The president repeated that line of attack this week, saying that Tester had treated Jackson more unfairly than Democrats who fiercely opposed Kavanaugh's nomination. Democrats promoted a series of uncorroborated sexual misconduct and rape accusations against the then-nominee.
"Ever since his vicious and totally false statements about Admiral Ron Jackson, the highly respected White House Doctor for Obama, Bush & me, Senator John Tester looks to be in big trouble in the Great State of Montana!" Trump wrote on Twitter Wednesday. "He behaved worse than the Democrat Mob did with Justice K!"
At Thursday's rally, Trump simply called Tester "disgraceful" and accused him of leading a "mob" to unfairly destroy Jackson's reputation.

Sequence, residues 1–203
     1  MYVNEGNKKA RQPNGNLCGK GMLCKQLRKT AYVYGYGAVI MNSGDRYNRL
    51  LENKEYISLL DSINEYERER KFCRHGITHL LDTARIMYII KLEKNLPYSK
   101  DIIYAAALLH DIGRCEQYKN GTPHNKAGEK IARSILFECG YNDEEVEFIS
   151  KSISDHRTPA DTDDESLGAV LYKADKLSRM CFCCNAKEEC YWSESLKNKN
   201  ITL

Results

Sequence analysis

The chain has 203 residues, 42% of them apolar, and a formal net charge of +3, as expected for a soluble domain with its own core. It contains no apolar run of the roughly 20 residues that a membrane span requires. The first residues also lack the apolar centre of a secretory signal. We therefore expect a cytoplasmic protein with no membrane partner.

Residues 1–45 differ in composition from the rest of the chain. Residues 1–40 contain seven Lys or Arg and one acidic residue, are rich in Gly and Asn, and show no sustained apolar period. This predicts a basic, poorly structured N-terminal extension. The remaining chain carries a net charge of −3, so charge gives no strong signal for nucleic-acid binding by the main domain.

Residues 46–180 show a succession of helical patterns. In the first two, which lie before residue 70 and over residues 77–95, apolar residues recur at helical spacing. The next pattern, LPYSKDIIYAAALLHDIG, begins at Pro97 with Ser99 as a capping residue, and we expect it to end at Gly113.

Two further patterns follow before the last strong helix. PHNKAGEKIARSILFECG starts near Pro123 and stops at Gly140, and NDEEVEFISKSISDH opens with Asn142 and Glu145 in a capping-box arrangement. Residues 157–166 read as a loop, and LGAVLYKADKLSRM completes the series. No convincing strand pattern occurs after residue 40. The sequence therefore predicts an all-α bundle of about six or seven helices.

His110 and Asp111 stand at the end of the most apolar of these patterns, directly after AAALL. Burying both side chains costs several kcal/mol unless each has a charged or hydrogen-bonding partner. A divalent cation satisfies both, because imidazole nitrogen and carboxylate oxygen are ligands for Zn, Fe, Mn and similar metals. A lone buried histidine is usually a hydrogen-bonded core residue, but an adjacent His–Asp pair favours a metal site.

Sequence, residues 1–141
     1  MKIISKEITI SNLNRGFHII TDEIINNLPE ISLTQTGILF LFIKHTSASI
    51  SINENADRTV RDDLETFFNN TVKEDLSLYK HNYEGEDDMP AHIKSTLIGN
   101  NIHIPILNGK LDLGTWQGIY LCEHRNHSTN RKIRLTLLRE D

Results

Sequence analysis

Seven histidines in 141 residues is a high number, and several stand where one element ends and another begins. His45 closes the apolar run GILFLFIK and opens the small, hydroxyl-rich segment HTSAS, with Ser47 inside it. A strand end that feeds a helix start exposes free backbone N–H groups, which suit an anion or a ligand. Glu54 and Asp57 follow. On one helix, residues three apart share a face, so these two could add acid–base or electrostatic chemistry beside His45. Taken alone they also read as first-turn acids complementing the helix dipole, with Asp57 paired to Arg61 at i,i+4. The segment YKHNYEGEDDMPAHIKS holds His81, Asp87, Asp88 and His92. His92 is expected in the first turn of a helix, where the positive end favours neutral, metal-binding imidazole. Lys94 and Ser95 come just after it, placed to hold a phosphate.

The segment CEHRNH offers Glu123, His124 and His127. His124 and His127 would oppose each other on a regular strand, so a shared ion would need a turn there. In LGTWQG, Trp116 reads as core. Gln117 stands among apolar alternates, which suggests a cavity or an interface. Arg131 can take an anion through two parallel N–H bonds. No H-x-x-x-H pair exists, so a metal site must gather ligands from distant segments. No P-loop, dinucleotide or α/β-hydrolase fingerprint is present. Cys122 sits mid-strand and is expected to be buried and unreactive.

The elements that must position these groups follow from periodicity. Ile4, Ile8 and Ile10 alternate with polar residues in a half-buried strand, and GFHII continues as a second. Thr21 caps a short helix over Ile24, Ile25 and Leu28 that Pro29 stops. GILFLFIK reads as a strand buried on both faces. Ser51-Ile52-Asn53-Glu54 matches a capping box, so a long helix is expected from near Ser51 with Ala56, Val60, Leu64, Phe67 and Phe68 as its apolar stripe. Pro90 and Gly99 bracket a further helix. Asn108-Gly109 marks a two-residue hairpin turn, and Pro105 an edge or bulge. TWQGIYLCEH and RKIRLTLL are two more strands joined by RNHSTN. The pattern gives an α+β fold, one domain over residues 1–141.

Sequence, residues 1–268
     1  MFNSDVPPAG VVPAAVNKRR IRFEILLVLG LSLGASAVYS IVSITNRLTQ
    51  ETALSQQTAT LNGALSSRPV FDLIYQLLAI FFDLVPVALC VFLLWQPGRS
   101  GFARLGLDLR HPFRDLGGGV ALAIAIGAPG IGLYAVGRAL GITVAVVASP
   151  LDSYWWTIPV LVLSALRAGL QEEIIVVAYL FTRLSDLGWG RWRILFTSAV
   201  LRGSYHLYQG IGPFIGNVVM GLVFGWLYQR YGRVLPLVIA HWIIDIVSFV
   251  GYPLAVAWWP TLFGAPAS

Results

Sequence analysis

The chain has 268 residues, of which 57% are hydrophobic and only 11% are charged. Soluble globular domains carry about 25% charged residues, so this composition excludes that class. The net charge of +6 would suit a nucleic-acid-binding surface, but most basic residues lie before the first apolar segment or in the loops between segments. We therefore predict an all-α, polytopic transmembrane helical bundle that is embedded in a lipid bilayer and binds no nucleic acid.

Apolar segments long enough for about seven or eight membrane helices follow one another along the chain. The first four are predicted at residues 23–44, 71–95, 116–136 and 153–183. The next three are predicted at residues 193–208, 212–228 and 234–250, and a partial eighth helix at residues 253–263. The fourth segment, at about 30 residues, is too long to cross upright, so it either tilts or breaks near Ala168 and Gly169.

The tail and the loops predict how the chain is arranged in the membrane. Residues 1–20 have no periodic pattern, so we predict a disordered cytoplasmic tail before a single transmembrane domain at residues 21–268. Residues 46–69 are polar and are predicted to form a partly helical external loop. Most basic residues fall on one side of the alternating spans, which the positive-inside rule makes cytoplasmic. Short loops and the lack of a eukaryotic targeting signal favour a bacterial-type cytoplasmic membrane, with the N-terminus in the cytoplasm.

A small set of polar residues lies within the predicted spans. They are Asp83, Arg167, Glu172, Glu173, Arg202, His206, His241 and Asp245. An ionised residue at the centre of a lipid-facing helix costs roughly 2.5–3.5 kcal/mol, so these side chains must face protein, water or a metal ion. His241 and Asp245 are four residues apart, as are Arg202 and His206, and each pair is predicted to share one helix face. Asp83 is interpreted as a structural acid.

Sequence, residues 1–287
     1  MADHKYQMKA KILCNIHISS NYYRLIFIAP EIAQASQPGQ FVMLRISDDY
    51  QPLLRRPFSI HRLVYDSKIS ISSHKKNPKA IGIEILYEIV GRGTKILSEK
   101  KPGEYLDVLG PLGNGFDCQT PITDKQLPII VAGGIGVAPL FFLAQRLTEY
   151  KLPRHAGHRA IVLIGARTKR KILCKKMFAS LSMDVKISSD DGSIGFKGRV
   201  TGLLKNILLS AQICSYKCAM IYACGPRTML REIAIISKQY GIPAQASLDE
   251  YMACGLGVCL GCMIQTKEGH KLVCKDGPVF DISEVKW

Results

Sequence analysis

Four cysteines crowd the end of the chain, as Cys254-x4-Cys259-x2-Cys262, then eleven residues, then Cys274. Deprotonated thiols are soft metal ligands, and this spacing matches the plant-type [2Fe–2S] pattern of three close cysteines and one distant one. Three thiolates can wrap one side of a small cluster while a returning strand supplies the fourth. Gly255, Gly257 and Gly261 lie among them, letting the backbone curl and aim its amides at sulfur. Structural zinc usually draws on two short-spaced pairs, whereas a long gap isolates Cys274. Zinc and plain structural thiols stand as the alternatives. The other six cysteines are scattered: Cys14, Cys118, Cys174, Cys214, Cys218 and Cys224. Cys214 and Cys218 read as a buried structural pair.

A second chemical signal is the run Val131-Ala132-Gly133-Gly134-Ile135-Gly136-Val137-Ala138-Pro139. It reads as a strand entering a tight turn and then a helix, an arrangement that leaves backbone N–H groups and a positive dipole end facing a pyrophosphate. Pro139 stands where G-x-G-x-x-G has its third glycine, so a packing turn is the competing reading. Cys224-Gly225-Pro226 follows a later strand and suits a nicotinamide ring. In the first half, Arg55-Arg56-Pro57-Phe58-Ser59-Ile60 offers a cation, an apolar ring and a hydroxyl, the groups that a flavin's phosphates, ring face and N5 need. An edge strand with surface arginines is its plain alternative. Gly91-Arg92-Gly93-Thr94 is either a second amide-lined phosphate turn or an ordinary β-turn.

"Tester said things about him that were a disgrace," Trump said, adding that "a series of lies" had ultimately derailed Jackson. He compared Jackson to Kavanaugh, saying both men were respected and had been wrongly maligned.
"The only thing keeping Tester's campaign alive, are millions and millions and millions of dollars from outside liberals and radical leftists who couldn't care less about Montana," Trump said. He added that Tester opposed his tax bill and wants "open borders."
He added that his wife, First Lady Melania Trump, was "so cool you wouldn't believe it" during a mid-flight scare this week, when smoke filled the cabin of her military jet.
Trump wrapped up the event by mocking Massachusetts Democratic Sen. Elizabeth Warren for "making a fool out of herself" by releasing the results of a disputed DNA test she claimed proved she likely had a recent Native American ancestor.